Many car fans know very little about the Allard brand, which was founded in 1946 by the British racing driver Sydney Allard in the London district of Clapham. It belongs to various manufacturers who, as dream realisations of their respective founders, developed their cars past the wishes of their customers and therefore had to close their doors after only a few vehicles had been built. Allard existed for 20 years and during this time produced just over 1,800 cars in about thirteen different model series, some of which subdivided into different versions. The company’s history began as early as 1936, when Sydney Allard built American V8 engines into British-made frames, creating race-worthy Specials. Altogether 12 units are said to have been produced until the beginning of World War 2. After the end of the war, the now officially founded company Allard took over the premises of the bankrupt coachbuilder Southern Motor Company and shortly afterwards presented the racing roadster J1, which was available either with 3.6 or 3.9 liter cubic capacity. At the same time there was the more comfortable road sports car K1 and the rare four-seaters L and M.
Both, the J and K models, were significantly revised in 1949 and 1950 and were thus given the names J2 and K2. In 1951, the even more powerful J2X version with 4.4 liters of displacement and around 150 hp appeared. In addition, the K2 was further developed into the K3 in 1952. For drivers with a somewhat bigger family, the P1 appeared in 1949 as a two-door sedan with five seats. Only three years later, a model upgrade to the P2 was carried out, which meant, for example, that the main headlights moved from the fenders into the space between fenders and bonnet. Allard also reduced the size of the radiator grille and, on request, fitted additional headlights on the chromed front bumper. On the side, the tapering fender lines were seamlessly integrated into the bodywork and the rear end was also given a few modifications. Before the conversion to the P2, the P1 in January 1952 achieved probably the greatest motorsport success in the history of the brand. Sydney Allard won the Rallye Monte Carlo with his co-driver George Warburton. Previously, other Allard models had already achieved some success in hill climbs and smaller rallies. Even at the 24 Hours of Le Mans, the brand took part several times, achieved third place overall in 1950 and was even briefly in the lead in 1953.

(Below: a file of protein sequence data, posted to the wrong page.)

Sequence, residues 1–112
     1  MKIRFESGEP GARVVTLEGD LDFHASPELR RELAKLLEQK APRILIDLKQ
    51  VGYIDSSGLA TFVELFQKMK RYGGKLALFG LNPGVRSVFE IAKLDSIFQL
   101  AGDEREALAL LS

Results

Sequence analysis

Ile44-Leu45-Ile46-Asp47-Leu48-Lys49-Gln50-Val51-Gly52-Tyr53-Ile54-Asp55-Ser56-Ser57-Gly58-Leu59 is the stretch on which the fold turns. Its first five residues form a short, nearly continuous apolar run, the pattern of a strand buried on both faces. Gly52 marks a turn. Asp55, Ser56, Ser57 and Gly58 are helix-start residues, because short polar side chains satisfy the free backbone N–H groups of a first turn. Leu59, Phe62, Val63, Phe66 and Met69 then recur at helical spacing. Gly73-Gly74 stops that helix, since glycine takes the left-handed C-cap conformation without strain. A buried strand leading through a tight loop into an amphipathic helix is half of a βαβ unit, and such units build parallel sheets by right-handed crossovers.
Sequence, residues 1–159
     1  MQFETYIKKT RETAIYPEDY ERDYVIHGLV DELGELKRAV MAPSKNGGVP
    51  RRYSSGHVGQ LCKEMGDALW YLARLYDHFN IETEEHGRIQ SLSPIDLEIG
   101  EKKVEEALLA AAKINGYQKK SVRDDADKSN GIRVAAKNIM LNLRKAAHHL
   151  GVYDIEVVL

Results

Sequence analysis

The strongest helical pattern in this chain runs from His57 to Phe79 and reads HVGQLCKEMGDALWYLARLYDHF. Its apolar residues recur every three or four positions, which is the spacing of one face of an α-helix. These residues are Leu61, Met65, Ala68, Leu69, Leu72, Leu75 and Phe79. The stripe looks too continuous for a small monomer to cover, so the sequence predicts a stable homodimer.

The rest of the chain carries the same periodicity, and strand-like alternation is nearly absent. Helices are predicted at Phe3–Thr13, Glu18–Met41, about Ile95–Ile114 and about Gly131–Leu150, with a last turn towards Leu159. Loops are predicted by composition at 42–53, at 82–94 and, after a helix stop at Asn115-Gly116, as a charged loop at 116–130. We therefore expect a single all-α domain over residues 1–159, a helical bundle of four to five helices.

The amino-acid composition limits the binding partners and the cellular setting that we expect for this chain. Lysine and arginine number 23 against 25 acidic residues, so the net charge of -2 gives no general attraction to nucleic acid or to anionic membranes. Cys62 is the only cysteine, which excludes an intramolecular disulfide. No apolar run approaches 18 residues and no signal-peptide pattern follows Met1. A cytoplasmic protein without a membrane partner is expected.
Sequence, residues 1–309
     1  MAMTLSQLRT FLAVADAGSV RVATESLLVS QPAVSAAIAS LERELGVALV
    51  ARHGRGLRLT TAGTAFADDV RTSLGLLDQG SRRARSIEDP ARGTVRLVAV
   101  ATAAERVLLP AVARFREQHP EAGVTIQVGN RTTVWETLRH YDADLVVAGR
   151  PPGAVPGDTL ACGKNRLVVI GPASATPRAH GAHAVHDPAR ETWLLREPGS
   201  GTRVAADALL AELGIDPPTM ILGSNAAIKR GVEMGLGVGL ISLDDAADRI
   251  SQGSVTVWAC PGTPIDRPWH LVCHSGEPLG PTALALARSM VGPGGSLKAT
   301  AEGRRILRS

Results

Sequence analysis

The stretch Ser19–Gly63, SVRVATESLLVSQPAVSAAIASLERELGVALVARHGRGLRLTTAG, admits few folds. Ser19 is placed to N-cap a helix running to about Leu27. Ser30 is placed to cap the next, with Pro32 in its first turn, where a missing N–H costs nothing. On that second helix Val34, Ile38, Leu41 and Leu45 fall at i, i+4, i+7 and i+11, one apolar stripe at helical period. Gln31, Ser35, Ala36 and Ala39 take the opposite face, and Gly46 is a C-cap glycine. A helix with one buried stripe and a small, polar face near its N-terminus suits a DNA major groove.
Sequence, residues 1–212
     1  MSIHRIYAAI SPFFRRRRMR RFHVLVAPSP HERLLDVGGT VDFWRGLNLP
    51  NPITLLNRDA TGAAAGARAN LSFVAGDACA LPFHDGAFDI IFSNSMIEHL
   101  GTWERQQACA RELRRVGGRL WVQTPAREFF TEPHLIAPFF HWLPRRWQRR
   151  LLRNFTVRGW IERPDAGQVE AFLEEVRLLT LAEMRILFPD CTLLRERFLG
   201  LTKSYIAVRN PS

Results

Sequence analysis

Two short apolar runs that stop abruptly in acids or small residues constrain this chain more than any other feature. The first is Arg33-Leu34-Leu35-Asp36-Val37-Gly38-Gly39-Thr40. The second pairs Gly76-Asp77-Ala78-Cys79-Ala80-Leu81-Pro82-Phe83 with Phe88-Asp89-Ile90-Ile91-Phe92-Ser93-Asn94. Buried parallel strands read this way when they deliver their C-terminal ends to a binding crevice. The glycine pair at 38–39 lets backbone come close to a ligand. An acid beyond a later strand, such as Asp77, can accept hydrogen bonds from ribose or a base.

However, Allard’s involvement in motorsports only brought him some sales success with the models J2 and J2X, but he couldn’t extend it to the rest of the model range. For example, only eleven units of the P2 were produced in five years. For the 1953 model year, Allard introduced the body variant Safari in the summer of 1952, a two-door station wagon in shooting brake style with five seats. Like the sedan, it was powered by the 3.6-liter V8 engine from the Ford Pilot with around 85 hp. A 5.4-liter V8 engine from Cadillac was available as an alternative on special request. With the same wheelbase of 2,845 millimeters, this car offered significantly more storage space thanks to 152 millimeters more length at the rear compared to the sedan. As with many station wagons of the time, the structural wooden frame was made visible from the outside and the aluminium panelling was placed underneath. In the USA these vehicles were affectionately known as ‘Woodies’. Despite the attractive appearance, Allard was only able to sell ten of these cars until mid-1953, four of which are still known today. One of them with the rare Cadillac engine is now available at Silverstone Auctions to find a new owner via an online auction on 31 July. The estimate is expected to be between £ 45,000 and £ 55,000.
Due to the rather low sales figures of the large models, Allard turned to the booming market of microcars from 1953 and launched the Clipper. However, after only about 20 units, the project was dropped due to lack of demand and instead the company concentrated on the Palm Beach presented in 1952 until production ended in 1959. This two-seater roadster with either 1.5 or 2.6 liter Ford engine couldn’t convince customers despite its quite modern appearance and probably sold only 44 times. Until 1966 the company still sold spare parts for the existing customer vehicles, then the original chapter of Allard closed with the death of the company founder. Since then there have been various attempts to revive the brand, of which only the Allard Motor Works LLC in Montreal, Canada, still exists today, where a modernized version of the J2X is being built.
Images: Silverstone Auctions